Catholic Educators Help Students and Families Form Healthy Relationships with Technology
In today’s digital age, technology plays a significant role in our lives. From smartphones to social media platforms, we are constantly connected and surrounded by screens. While technology offers numerous benefits, it also poses challenges, especially for young people. Recognizing the need to guide students and families in forming healthy relationships with technology, Catholic educators in the Archdiocese of St. Paul and Minneapolis have taken proactive measures.
With a mission to “infuse our children with what is true, good, and beautiful,” Catholic schools in the archdiocese prioritize the holistic development of their students. Sister Maria Ivana Begovic, principal of St. Croix Catholic School in Stillwater, emphasizes the importance of balance when it comes to using technology. She believes that technology is a gift but must be approached cautiously.
Melissa Dan, president of Hill-Murray School in Maplewood, echoes this sentiment by encouraging students to use technology in ways that enrich their lives and learning experiences. Karla Gergen, former principal at St. Helena Catholic School in Minneapolis, adds that the ultimate goal is for children to become saints while discerning how different technologies can hinder or help their personal call to holiness.
The increasing amount of recreational screen time among young people has raised concerns about its impact on their well-being. According to research cited by the American Academy of Pediatrics, 8-12-year-olds spend an average of five and a half hours per day looking at screens for entertainment purposes. For 13-18-year-olds, this number increases to eight and a half hours per day.
To address these challenges effectively, the Archdiocese’s Catholic Education Mission Office has developed aspirational goals as part of a multi-year action plan focused on digital well-being and personal holiness in preschool through eighth grade schools. These goals include intentional use of internet-enabled devices during instructional time while monitoring student usage, refraining from assigning internet-dependent tasks outside of school hours, and providing resources for parents to learn about risks associated with technology.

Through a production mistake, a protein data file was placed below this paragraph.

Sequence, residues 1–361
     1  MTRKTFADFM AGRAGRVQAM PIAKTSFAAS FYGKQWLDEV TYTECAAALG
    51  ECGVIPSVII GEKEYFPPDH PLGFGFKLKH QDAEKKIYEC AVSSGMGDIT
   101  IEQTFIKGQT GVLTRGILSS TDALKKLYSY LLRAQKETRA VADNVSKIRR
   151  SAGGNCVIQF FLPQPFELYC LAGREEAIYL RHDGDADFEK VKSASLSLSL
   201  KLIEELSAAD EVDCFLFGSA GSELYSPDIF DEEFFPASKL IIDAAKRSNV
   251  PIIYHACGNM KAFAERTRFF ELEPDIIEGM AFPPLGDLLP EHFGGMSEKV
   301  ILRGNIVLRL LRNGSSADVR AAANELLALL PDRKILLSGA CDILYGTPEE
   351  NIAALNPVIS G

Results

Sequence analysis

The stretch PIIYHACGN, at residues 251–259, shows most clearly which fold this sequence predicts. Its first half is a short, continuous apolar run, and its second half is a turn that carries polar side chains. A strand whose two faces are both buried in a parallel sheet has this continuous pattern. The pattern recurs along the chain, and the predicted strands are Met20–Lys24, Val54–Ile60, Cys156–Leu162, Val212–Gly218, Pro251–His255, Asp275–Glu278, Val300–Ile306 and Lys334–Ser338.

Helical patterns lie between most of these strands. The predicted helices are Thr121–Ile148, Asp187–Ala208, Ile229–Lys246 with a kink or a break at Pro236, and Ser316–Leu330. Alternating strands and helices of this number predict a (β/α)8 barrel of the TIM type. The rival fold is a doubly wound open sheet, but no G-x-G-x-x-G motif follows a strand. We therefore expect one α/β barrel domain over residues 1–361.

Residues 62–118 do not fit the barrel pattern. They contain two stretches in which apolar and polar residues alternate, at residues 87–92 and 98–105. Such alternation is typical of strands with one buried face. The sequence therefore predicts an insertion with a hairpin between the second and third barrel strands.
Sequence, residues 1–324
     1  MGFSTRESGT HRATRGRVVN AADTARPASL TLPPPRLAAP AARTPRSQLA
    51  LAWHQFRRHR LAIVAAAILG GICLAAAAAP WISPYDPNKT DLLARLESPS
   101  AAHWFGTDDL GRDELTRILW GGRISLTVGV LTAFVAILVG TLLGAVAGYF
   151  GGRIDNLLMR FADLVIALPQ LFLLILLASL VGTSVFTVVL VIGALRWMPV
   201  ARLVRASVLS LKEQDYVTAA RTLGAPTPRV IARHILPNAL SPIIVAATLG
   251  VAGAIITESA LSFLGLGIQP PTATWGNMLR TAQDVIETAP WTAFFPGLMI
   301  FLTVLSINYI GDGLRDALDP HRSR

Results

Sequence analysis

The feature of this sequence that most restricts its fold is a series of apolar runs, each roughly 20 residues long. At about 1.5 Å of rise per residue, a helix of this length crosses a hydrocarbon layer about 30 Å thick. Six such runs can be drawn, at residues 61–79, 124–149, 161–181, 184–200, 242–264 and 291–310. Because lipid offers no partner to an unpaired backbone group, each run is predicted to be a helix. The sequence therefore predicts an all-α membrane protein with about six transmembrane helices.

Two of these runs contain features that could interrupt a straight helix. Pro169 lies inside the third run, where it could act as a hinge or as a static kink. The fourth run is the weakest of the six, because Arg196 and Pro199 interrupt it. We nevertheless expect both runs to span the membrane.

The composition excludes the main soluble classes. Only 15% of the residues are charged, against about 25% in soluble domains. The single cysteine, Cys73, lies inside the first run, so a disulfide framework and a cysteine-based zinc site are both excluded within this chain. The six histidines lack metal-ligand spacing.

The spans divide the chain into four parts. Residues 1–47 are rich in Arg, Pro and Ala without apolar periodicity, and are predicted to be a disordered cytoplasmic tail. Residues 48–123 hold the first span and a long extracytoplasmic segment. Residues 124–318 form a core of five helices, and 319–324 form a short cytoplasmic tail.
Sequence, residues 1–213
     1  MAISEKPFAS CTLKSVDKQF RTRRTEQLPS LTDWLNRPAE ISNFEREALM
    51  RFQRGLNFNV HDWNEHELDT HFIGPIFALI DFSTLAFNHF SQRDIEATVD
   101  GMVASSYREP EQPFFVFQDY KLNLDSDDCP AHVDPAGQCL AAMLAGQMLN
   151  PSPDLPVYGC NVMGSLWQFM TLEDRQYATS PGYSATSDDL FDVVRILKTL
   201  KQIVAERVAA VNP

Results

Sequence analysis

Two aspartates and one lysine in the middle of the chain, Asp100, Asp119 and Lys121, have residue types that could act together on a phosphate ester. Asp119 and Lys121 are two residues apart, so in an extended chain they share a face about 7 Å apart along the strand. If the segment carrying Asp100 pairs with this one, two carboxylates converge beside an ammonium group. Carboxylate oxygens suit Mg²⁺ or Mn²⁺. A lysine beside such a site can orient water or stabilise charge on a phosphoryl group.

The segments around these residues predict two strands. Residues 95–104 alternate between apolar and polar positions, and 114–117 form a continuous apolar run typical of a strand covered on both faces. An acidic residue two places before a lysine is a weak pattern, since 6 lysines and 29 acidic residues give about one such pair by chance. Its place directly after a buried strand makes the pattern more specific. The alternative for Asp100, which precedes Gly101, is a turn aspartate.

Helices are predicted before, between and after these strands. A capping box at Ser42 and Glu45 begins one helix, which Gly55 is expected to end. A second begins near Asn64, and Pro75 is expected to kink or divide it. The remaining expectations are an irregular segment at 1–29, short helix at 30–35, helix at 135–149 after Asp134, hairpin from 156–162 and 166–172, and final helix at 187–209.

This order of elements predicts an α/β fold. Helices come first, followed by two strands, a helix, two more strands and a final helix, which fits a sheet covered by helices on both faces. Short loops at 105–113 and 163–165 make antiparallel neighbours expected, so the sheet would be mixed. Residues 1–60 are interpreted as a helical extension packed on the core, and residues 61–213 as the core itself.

Emily Dahdah, director of educational quality and excellence for the Mission Office, emphasizes the importance of training teachers, staff, and parents in responsible device use. The ultimate aim is to help students develop real human relationships and create intentional environments that protect them from potential risks while promoting their Clearly well-being.
St. Helena Catholic School implemented a no-cellphone policy on campus to address the issue of excessive screen time. Although not perfect, this policy has already made a noticeable difference in reducing distractions caused by cell phones. Additionally, digital devices used in classrooms will not be sent home with students this school year, and assignments will be designed to minimize internet use.
Modeling good technology use is essential for fostering responsible habits among students. Hill-Murray School is implementing a digital citizenship curriculum that teaches the importance of one’s digital footprint and soft skills such as interpersonal communication and ethical behavior online. The school also plans to engage parents in dialogue and provide training sessions to establish strong parameters around technology use at home.
As technology continues to advance rapidly, concerns about artificial intelligence (AI) have emerged. Generative AI tools like ChatGPT offer great possibilities for learning but also raise concerns about misuse. The Catholic educators recognize the need for strategies that develop critical thinking skills among students so they can analyze texts critically and make informed decisions.
The last word, Catholic educators in the Archdiocese of St. Paul and Minneapolis are committed to helping students and families form healthy relationships with technology. By setting aspirational goals focused on digital well-being and personal holiness, these educators strive to guide young people towards using technology responsibly while fostering real human connections. With ongoing training for teachers, staff, and parents, Catholic schools aim to create intentional environments that promote student flourishing while protecting them from potential risks associated with excessive screen time. It is suggested that, these efforts reflect a broader mission of nurturing the souls of children and preparing them for whole, holy lives.
According to the Our Sunday Visitor(https://www.osvnews.com/2023/09/12/catholic-educators-help-students-families-form-healthy-relationships-with-technology/amp/).